tagged: Late Antiquity

 

הרקיע השביעי | The Seventh Heavenly Dome, a description and hymn of divine praise from Sefer ha-Razim

A hymn of praise found in the description of the 7th dome of heaven in Sefer ha-Razim . . .

נִשְׁמַת כָּל חַי (ספרד)‏ | Nishmat Kol Ḥai, arranged by Aharon Varady

The text of the prayer Nishmat Kol Ḥai in Hebrew with English translation. . . .

אֲשֶׁר יָצַר | Asher Yatsar, interpretive translation by Reb Zalman Schachter-Shalomi z”l

This English translation of the prayer “Asher Yatsar” by Rabbi Zalman Schachter-Shalomi z”l, was first published in his Siddur Tehillat Hashem Yidaber Pi (2009). Versification by Aharon Varady according to the nusaḥ ha-ARI z”l. . . .

נִשְׁמַת כָּל חַי | Nishmat Kol Ḥai, interpretive translation by Rabbi Zalman Schachter-Shalomi

This “praying translation” of the piyyut Nishmat Kol Ḥai is included in Rabbi Zalman Schachter-Shalomi’s Sabbath Supplement to his Siddur Tehillat Hashem Yidaber Pi ~ As I Can Say It (for Praying in the Vernacular) (2009). The translation includes several prayers that follow the piyyut: Ha-El B’ta’atsumot Uzekha, and Shoḥen Ad. . . .

נְשָׁמָה שֶׁנָּתַתָּ בִּי | Neshamah Shenatata Bi (the breath you have given me), interpretive translation by Reb Zalman Schachter-Shalomi, z”l

This English translation by Rabbi Zalman Schachter-Shalomi z”l of “Neshama Shenatata Bi,” was first published in his Siddur Tehillat Hashem Yidaber Pi (2009). Linear associations of this translation according to the nusaḥ ha-ARI z”l by Aharon Varady. . . .

ברכות השחר | Blessings at your Dawn of Wakefulness, translated by Rabbi Zalman Schachter-Shalomi

Rabbi Zalman Schachter-Shalomi, z”l, included his translation of the Birkhot haShaḥar in his Siddur Tehillat Hashem Yidaber Pi (2009). . . .

ברכות התורה | Blessing for Torah Study, interpretive translation by Reb Zalman Schachter-Shalomi, z”l

This English translation of the blessing for Torah study by Rabbi Zalman Schachter-Shalomi z”l, was first published in his Siddur Tehillat Hashem Yidaber Pi (2009). Versification according to the Nusaḥ ha-ARI z”l by Aharon Varady. . . .

נִשְׁמַת כָּל חַי | Nishmat Kol Ḥai, in its Latin translation by Johann Stephan Rittangel (1644)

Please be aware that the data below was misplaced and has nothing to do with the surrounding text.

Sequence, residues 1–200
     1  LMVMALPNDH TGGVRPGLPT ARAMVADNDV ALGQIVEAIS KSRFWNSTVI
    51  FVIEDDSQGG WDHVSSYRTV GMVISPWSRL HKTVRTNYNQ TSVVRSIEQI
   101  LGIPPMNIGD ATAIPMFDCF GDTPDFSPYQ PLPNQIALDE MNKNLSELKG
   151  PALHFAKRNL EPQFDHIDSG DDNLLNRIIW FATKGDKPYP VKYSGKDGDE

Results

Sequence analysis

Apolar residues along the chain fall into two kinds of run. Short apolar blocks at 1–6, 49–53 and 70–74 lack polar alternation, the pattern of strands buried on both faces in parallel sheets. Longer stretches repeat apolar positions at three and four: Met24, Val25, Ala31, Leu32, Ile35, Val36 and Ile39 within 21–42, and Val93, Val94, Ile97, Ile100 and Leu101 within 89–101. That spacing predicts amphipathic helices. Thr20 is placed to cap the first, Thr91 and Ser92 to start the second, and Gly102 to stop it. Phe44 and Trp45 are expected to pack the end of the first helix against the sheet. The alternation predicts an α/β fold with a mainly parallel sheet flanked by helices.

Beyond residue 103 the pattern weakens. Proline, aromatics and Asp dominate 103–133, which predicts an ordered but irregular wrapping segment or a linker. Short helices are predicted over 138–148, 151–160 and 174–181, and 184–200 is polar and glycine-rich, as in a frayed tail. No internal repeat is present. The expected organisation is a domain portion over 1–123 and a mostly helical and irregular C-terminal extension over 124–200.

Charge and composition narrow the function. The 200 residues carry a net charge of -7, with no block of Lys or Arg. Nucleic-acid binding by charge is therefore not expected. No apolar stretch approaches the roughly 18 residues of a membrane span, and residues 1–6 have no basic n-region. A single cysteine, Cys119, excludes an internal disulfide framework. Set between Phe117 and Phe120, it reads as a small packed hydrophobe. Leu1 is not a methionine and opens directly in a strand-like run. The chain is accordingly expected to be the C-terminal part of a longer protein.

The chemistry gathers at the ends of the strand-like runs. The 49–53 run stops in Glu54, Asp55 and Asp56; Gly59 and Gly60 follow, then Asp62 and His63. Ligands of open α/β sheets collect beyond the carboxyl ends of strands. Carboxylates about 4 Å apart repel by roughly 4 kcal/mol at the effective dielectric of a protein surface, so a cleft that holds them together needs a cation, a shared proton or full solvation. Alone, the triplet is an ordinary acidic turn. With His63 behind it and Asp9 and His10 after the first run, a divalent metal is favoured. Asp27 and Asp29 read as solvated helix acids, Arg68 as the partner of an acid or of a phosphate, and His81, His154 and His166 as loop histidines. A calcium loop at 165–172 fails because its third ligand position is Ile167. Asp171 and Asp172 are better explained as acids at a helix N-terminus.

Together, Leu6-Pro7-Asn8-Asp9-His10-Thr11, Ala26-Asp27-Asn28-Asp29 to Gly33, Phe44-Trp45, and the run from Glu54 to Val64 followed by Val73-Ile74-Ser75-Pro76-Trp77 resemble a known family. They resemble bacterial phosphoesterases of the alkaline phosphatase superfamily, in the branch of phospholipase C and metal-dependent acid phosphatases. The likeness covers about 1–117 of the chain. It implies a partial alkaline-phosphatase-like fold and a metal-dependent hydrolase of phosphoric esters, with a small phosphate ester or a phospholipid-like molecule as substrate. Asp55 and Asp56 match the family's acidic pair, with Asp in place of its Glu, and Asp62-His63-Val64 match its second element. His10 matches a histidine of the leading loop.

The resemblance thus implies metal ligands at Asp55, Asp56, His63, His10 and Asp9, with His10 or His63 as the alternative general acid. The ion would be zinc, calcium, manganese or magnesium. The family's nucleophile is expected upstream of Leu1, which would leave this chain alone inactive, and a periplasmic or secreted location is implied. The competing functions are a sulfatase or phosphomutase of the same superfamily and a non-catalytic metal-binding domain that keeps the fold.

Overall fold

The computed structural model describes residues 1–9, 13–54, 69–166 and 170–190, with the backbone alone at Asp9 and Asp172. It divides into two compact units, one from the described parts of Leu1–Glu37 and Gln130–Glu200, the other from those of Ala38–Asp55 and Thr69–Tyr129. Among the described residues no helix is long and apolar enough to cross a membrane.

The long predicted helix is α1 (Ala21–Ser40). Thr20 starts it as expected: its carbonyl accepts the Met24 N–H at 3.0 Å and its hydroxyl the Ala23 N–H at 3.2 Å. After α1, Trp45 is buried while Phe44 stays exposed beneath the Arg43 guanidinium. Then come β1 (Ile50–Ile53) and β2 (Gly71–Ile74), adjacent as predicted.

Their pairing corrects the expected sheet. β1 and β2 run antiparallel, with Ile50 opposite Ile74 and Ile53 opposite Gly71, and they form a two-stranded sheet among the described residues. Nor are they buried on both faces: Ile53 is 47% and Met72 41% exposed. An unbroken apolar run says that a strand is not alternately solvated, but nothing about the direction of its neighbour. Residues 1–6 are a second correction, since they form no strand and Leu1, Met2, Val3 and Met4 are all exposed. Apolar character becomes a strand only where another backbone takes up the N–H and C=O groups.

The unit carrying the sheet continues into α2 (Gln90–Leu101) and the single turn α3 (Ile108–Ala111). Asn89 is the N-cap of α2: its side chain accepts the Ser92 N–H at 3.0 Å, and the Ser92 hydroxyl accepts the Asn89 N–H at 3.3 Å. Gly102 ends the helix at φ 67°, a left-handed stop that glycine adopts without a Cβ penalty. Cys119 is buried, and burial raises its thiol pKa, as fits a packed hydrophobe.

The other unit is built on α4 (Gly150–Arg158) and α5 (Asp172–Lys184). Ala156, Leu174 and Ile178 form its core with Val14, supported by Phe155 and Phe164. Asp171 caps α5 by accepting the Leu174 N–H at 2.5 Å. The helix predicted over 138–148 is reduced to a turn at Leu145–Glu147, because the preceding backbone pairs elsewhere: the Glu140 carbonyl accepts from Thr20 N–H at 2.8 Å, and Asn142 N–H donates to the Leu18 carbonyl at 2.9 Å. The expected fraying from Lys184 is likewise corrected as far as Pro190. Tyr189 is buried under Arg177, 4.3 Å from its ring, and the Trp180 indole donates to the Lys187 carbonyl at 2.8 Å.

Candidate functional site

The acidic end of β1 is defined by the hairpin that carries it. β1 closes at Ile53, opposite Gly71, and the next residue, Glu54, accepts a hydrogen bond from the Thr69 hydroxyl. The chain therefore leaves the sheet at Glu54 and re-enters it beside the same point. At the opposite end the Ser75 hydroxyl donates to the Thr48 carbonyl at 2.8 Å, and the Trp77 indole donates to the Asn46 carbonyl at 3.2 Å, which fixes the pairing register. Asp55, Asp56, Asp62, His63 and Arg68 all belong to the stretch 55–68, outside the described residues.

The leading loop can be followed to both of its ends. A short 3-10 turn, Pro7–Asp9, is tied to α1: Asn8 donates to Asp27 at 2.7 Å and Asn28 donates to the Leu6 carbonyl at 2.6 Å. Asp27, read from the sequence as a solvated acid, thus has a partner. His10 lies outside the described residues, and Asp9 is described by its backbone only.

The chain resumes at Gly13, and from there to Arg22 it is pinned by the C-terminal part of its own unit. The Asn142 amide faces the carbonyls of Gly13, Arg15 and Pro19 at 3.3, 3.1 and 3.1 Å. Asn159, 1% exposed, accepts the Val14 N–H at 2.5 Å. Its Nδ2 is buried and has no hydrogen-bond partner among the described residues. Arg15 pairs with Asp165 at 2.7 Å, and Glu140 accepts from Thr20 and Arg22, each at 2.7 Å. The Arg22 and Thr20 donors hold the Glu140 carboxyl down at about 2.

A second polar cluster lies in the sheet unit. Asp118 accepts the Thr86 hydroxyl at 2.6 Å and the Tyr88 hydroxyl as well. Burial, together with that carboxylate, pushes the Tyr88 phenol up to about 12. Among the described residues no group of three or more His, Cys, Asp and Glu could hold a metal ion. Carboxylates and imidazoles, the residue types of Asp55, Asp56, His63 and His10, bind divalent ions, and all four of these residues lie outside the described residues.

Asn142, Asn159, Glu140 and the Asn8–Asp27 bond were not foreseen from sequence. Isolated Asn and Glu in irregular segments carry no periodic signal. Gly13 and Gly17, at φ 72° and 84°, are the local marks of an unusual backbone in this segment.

The text of the prayer Nishmat Kol Ḥai in Hebrew with a Latin translation . . .

מִדְרַשׁ מַעֲשֶׂה חֲנֻכָּה א׳ | Midrash Ma’aseh Ḥanukkah “alef,” a tale of the people’s resistance to the Seleucid Greek occupation

This digital edition of Midrash Ma’aseh Ḥanukkah was transcribed from the print edition published in Otzar Hamidrashim (I. D. Eisenstein, New York: Eisenstein Press, 5675/1915, p.189-190). With much gratitude to Anat Hochberg, this is the first translation of this midrash into English. . . .

מְגִילַּת אַנטְיוּכַס | Megillat Antiokhus in Aramaic, critical text by Menaḥem Tsvi Kaddari with English translation by John C. Reeves

The critical text of Megillat Antiokhus in its original Aramaic, prepared by Menaḥem Tsvi Kaddari and translated into English by John C. Reeves. . . .

מְגִילַּת אַנטְיוּכַס | Megillat Antiokhus for Ḥanukkah in Aramaic, translated in Hebrew, Yiddish, and English

The Megillat Antiochus was composed in Palestinian Aramaic sometime between the 2nd and 5th century CE, likely in the 2nd Century when the memory of the Bar Kochba revolt still simmered.. The scroll appears in a number of variations. The Aramaic text below follows the critical edition prepared by Menaḥem Tzvi Kaddari, and preserves his verse numbering. The English translation by Rabbi Joseph Adler (1936) follows the Hebrew translation in the middle column, the source of which is a medieval manuscript reprinted by Tzvi Filipowsky in 1851. Adler and Kaddari’s verse ordering loosely follows one another indicating variations in manuscripts. Where Aramaic is missing from Kaddari’s text, the Aramaic version from Adler’s work is included in parentheses. Adler also included a Yiddish translation which we hope will be fully transcribed (along with vocalized Hebrew text, a Hungarian translation, and perhaps even a Marathi translation from South India) for Ḥanukkah 5775 , G!d willing. . . .